This slide shows the vaccine coverage and reported number of measles cases from 1980-2001.

[Figure:   Vaccination coverage and reported number of measles cases, region of the Americas, 1980-2001]

You can see that starting the two-tiered system led to even further decline of measles cases. Since 2002, there have not been any endemic, indigenous measles cases in the Americas. This graph shows the vaccine coverage and measles rates from 1990-2003.

[Figure:   Vaccination coverage and reported measles cases, region of the Americas, 1990-2003]

There are still a few cases that could have been imported from elsewhere in the world or due to partial immunity. Since measles presents as a rash, it could be confused for other diseases with similar presentation--an expanded laboratory network is necessary to do accurate testing on suspected cases

[Figure:   PAHO measles laboratory network]


The future of emerging infections

This map of the Americas shows the emerging infections of the past decade.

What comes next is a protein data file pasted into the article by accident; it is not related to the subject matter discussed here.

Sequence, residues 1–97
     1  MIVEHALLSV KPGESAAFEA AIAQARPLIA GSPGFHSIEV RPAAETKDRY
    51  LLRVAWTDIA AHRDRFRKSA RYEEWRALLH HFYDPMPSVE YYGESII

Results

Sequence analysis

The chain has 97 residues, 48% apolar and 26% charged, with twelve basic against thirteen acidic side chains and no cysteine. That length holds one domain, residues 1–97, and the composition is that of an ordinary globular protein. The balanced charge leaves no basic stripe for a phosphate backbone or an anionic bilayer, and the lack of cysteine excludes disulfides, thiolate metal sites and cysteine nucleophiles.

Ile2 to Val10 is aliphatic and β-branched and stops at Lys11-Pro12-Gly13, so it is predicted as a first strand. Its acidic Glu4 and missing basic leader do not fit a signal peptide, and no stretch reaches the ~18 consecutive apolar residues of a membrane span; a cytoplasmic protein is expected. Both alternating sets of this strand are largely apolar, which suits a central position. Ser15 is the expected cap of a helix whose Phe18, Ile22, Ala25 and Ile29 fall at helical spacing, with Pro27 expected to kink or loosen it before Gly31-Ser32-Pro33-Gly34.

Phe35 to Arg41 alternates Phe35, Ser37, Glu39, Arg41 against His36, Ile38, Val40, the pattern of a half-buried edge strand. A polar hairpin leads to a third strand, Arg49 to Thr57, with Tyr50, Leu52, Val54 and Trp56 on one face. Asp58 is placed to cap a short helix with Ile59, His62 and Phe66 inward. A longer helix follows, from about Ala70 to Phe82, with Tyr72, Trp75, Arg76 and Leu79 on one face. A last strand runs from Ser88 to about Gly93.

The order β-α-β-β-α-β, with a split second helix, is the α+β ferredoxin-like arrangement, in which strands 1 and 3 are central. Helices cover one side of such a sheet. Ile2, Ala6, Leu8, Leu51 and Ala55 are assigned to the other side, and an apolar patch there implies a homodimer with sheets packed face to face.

[Figure:   Emerging and re-emerging infectious disease threats]

What will we see in the next decade? The factors that lead to emerging infections--decay of public health, continued population growth and urbanization, international trade and travel, increase in microbial resistance and change in land use and others--will continue to exist.


What is our situation?

  • Humans may have developed their own diseases during the last 10,000 years
  • Recent studies of HIV and BSE show that humans are still creating new diseases
  • Human lifestyles and behavior will inevitably change over the next century
  • The appearance of new human diseases is highly likely


What can we conclude from this?

  • Infectious diseases remain a persistent challenge and threat worldwide and in the Americas
  • Along with old infectious diseases, new and emerging diseases pose new problems
  • Other new diseases are likely to emerge in the future
  • Control, prevention, and eradication of some infectious diseases is possible
  • Concerted and collaborative international action is required